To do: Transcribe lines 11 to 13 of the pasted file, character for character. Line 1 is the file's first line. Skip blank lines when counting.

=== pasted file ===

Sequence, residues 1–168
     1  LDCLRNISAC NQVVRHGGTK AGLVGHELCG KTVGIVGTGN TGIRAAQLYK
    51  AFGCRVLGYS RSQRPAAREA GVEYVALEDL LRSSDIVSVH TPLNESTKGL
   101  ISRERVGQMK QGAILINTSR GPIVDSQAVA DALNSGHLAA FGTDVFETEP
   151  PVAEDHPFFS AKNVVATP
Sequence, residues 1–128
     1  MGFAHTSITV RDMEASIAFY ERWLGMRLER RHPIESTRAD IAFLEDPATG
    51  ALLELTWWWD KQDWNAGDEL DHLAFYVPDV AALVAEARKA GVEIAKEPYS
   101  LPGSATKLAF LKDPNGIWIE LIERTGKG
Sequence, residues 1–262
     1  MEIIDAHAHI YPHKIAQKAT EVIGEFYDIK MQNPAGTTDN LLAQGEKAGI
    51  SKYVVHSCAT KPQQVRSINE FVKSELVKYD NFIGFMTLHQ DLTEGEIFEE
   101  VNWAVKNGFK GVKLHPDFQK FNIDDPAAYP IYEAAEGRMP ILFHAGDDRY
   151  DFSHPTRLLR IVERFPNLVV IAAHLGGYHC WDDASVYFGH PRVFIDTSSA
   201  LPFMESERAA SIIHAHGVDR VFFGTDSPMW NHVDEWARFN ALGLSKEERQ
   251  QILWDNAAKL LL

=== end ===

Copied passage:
     1  MEIIDAHAHI YPHKIAQKAT EVIGEFYDIK MQNPAGTTDN LLAQGEKAGI
    51  SKYVVHSCAT KPQQVRSINE FVKSELVKYD NFIGFMTLHQ DLTEGEIFEE
   101  VNWAVKNGFK GVKLHPDFQK FNIDDPAAYP IYEAAEGRMP ILFHAGDDRY